Crow’s Feet

We’ve been getting so much snow lately. Every few days there is another snow storm that piles on extra snow. This is an observation, not a complaint. I am very happy to have it. The soil is blanketed, and the plants below have protection from the cold. The new snow covers all the old snow and gives us a fresh canvas to dream on. There are different animal prints to consider. I saw a line of coyote prints moving through my front yard, and to think I was just musing on that last week. How I am always looking out my window in the predawn glow hoping to see the moving shadow of a coyote slinking through the trees. And sure enough a coyote was there. I’m not dreaming these things. They are real.

Lately big flocks of crows have been hanging around. I have noticed they seem to gather in this imaginary line through the land–as the crows fly, so to speak. They run from my neighbor’s property, directly south of me, all the way north to neighboring farmland. They regularly gather and caw loudly on my hill, which is home to a few great old oaks and a pond. In the afternoon, it’s a nice and sunny place to gather. North of my property is a big open field primarily used for composting cow manure. I assume it is a relatively warm place, too, as the small mountains of manure steam during the cold months. It is surrounded by lower marshlands and a few snaking tributary streams that that run from several ponds, including my own. The train tracks cross through past there, and both crows and vultures seem to like sitting on the trees that look down on them.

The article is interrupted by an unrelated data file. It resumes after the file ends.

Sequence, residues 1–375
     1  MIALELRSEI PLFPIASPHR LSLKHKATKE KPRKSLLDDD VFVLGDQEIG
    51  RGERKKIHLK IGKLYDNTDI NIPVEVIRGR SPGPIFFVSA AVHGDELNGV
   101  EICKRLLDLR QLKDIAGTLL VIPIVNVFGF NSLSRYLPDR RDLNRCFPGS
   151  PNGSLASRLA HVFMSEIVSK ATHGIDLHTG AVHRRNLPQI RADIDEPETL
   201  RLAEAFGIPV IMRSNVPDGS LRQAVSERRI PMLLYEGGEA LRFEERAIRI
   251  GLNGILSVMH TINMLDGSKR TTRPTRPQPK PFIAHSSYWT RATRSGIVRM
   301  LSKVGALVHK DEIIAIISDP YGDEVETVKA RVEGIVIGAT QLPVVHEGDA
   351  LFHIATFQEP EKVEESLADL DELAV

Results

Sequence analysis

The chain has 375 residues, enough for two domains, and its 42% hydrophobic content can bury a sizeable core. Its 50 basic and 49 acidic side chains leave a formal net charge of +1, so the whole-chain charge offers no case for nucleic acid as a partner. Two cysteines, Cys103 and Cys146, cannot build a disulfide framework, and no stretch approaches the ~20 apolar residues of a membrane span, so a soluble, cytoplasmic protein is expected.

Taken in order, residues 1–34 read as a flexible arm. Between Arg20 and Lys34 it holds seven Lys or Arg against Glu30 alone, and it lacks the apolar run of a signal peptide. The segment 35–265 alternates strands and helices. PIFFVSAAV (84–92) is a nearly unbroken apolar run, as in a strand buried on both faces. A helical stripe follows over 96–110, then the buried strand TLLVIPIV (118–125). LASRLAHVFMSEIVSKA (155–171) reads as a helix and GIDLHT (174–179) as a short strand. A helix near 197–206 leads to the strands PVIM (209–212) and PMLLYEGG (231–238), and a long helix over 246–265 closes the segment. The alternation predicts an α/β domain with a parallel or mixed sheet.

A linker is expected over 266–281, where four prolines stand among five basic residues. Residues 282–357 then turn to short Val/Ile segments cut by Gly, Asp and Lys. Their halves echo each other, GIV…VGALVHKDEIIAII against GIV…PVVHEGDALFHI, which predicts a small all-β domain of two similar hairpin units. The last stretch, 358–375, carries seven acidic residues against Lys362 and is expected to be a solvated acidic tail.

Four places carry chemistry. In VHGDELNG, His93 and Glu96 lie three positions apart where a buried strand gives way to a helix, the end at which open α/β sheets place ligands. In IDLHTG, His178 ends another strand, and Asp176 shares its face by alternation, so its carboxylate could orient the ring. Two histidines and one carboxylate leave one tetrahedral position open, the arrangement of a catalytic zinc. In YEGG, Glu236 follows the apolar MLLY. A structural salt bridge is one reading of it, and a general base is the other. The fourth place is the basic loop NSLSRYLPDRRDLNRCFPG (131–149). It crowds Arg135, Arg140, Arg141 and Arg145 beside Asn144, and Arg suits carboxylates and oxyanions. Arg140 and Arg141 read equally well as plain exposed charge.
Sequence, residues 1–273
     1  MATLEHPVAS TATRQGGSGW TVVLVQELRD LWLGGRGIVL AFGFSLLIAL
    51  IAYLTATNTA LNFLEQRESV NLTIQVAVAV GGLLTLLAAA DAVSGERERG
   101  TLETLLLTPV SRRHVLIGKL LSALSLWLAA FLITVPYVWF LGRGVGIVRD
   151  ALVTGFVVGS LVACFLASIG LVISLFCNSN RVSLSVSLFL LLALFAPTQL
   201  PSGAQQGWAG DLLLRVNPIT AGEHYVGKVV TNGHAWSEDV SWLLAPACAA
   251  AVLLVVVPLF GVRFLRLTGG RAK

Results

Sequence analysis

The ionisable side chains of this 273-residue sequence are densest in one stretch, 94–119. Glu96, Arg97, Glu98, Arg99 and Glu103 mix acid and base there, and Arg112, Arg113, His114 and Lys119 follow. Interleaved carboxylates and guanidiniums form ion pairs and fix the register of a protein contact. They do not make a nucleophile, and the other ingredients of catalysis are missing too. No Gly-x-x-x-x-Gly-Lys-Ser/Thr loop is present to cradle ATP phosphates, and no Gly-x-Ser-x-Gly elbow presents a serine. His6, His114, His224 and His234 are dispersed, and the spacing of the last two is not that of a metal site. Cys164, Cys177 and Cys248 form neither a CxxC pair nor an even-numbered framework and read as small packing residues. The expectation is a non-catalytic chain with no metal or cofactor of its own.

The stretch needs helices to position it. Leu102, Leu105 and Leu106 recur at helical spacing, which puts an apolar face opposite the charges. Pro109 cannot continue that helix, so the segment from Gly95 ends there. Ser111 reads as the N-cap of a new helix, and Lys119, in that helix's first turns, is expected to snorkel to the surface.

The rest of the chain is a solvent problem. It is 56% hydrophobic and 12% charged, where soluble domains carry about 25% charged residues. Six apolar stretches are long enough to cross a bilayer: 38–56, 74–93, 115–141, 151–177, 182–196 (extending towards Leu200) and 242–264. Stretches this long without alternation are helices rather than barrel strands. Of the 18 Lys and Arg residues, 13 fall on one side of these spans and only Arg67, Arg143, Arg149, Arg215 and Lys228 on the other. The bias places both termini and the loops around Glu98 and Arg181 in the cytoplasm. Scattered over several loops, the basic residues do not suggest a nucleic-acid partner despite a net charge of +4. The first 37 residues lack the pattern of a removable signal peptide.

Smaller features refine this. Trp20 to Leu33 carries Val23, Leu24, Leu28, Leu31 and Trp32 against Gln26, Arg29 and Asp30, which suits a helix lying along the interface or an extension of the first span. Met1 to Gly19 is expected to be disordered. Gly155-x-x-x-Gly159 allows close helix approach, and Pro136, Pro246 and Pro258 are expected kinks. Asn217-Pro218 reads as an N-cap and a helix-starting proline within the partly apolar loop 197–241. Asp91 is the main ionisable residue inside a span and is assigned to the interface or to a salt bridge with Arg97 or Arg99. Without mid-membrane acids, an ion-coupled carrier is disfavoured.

I am fascinated by the crows, and I’m glad they are around. They are very loud, but for some reason I don’t mind their constant cawing and chattering. In fact, I find their sometimes strange sounds fascinating. I will admit that sometimes I try to “speak” to them. One time I was up on the ridge, watching two crows circle and pester a red-tailed hawk, making their guttural crow sounds as they did. I began to caw at them, and they were absolutely listening. I imagined they were thinking: blast this human, they ruin everything!

These days, I listen to the flocks on the hill from my house: the sounds are varied and sometimes surprising. I’ll think: was that really a crow? They are very wary, and if I come too close they’ll fly away en masse moving just enough to have a certain distance from me. After it snowed most recently, the hill had millions of little crow foot prints stitched on the surface. They were like hieroglyphics that showed their dancing moves– curious, impetuous steps. There were wing prints too, as they hop around they flap their wings leaving those long fingertip marks in the snow. It was like a short story written in crow’s feet.

Notes:

Is it murder? This article on names of groups of animals is amusing.

Corvid research. And check out the blog posts, like this most recent one on corvid consciousness.

Crows have extreme binocular vision.

  1. I smiled as soon as I saw your title and I loved reading this post. I, too, love having the crows around. The article about the collective names was hilarious, too!

  2. The wing prints are unreal! Love this whole post. My mom has always had a thing for crows (or corbys as she calls them affectionately) and it rubbed off on me. We watched a fascinating documentary about them a few years ago – how they use tools and are capable of complex reasoning.

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